Strategy Note /
Global

Corruption scores: Irrelevant in the short-term

    Hasnain Malik
    Hasnain Malik

    Strategy & Head of Equity Research

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    Tellimer Research
    26 January 2020
    Published byTellimer Research

    Transparency International published its annual Corruption Perception Index (on 23 January). We look through the data and put it into an investment context.

    Least and most corrupt

    Among the "emerging and frontier" market countries (as defined by the likes of MSCI and FTSE on the basis of stock market development, rather than on income levels), Chile, Hong Kong, Iceland, Qatar, Singapore, Taiwan and UAE score in the range of most of the "developed" countries. Some of the countries (with accessible stock markets) with the poorest scores are Bangladesh, Iraq, Lebanon, Mexico, Kenya, Nigeria, Russia and Zimbabwe.

    Biggest changes in the past year

    The most improved scores in the past year are in Argentina, Bahrain, Indonesia, Iraq, Kazakhstan, Kenya, Korea, Malaysia, Mexico, Saudi, Taiwan, Vietnam and Zimbabwe. 

    The biggest deterioration in scores in the past year are in Croatia, Czechia, Georgia, Hungary, Morocco, Nigeria, Pakistan, Philippines, Romania, Rwanda, Turkey and Ukraine. 

    Biggest changes since 2012

    The most improved scores since 2012 are in Argentina, Indonesia, Ivory Coast, Kazakhstan, Pakistan, Saudi, Ukraine, Vietnam and Zimbabwe. 

    The biggest deterioration in scores since 2012 are in Bahrain, Brazil, Hungary, Mexico and Turkey.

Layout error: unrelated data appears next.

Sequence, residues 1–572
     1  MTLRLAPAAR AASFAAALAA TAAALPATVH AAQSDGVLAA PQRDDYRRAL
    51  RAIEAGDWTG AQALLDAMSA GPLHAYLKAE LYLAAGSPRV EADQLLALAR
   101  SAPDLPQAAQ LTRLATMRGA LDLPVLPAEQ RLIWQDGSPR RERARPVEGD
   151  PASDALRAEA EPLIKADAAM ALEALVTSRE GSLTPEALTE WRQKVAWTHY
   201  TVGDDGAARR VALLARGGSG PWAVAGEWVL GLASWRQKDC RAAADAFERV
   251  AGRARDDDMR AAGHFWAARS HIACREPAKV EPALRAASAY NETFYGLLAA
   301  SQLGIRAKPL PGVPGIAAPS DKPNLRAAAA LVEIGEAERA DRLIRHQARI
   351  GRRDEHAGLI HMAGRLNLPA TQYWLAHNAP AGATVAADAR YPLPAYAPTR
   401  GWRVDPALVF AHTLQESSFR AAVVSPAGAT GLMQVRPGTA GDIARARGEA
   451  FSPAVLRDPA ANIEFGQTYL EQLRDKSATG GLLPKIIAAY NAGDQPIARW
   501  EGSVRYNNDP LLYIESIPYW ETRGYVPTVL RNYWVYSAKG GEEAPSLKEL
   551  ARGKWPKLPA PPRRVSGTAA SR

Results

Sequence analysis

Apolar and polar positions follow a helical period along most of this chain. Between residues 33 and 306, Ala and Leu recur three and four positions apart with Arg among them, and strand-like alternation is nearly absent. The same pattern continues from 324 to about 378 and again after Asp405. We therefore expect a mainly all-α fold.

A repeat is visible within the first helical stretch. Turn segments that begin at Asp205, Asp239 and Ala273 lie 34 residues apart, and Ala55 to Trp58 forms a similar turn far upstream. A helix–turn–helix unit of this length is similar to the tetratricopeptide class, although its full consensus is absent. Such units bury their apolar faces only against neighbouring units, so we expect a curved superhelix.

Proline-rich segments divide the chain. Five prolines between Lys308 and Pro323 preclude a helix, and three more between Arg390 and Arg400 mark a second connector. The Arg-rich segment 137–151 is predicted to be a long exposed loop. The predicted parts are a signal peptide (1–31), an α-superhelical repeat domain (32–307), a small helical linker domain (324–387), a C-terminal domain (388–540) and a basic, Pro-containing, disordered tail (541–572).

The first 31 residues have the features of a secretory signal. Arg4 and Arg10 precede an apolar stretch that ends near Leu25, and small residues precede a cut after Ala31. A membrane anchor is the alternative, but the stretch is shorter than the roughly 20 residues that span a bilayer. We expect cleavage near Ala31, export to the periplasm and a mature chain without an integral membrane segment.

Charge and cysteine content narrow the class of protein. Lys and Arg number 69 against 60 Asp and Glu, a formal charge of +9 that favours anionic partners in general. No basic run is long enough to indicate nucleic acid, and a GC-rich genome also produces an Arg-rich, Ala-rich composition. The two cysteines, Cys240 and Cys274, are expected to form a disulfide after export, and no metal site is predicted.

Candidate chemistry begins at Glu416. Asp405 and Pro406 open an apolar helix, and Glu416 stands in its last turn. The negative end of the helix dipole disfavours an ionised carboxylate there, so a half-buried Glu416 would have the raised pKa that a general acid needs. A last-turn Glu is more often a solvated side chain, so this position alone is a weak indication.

Corruption scores in an investment context 

    Changes in score over a number of years are likely a more reliable indicator than those over a single year. These scores are imperfect and lagging indicators; for example, perhaps only the most partisan critics would deny the improvements in anti-corruption prospects in, for example, Pakistan and Romania, in the past year, contrary to their scores from Transparency International. 

    Corruption is an emotive topic and many in the "developing" world would argue that some of the most egregious corruption would not exist without the welcome given to corrupt capital in the banking, financial and real estate markets of some of the supposedly cleanest countries. 

    Stock market returns, economic growth and civic stability (i.e. an absence of protest disruption) can be very high in countries deemed as corrupt on measures such as this (e.g. China and India, which have consistently scored about 40, on a scale of zero to 100). In our view, stock market returns, growth and stability are more vulnerable to changes in government (or underlying divisions within a deep-state) which prompt a (disruptive) change in the established rules of doing business and public governance.

    Nevertheless, weaker institutional checks and balances in corrupt countries are ultimately reflected in inefficient allocation of capital (rent-seeking), high cost of capital and vulnerability to protests.